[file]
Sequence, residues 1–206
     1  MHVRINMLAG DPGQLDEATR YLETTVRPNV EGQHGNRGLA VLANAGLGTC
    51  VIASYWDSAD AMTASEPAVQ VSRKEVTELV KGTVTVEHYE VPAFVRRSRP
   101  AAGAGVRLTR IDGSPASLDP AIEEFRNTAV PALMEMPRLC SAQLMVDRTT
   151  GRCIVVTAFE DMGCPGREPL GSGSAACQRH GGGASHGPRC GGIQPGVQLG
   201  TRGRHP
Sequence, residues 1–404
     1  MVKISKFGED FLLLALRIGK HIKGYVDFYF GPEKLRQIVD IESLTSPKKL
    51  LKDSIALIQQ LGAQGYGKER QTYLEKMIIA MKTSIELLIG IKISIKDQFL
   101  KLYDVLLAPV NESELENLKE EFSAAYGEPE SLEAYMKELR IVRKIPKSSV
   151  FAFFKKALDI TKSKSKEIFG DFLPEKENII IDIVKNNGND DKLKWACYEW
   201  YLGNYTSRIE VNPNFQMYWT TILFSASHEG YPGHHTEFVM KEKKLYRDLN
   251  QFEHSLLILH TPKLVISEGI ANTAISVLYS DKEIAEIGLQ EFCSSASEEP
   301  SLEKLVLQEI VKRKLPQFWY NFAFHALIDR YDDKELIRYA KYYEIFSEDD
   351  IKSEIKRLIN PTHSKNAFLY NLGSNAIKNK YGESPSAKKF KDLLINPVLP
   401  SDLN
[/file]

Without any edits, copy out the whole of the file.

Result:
Sequence, residues 1–206
     1  MHVRINMLAG DPGQLDEATR YLETTVRPNV EGQHGNRGLA VLANAGLGTC
    51  VIASYWDSAD AMTASEPAVQ VSRKEVTELV KGTVTVEHYE VPAFVRRSRP
   101  AAGAGVRLTR IDGSPASLDP AIEEFRNTAV PALMEMPRLC SAQLMVDRTT
   151  GRCIVVTAFE DMGCPGREPL GSGSAACQRH GGGASHGPRC GGIQPGVQLG
   201  TRGRHP
Sequence, residues 1–404
     1  MVKISKFGED FLLLALRIGK HIKGYVDFYF GPEKLRQIVD IESLTSPKKL
    51  LKDSIALIQQ LGAQGYGKER QTYLEKMIIA MKTSIELLIG IKISIKDQFL
   101  KLYDVLLAPV NESELENLKE EFSAAYGEPE SLEAYMKELR IVRKIPKSSV
   151  FAFFKKALDI TKSKSKEIFG DFLPEKENII IDIVKNNGND DKLKWACYEW
   201  YLGNYTSRIE VNPNFQMYWT TILFSASHEG YPGHHTEFVM KEKKLYRDLN
   251  QFEHSLLILH TPKLVISEGI ANTAISVLYS DKEIAEIGLQ EFCSSASEEP
   301  SLEKLVLQEI VKRKLPQFWY NFAFHALIDR YDDKELIRYA KYYEIFSEDD
   351  IKSEIKRLIN PTHSKNAFLY NLGSNAIKNK YGESPSAKKF KDLLINPVLP
   401  SDLN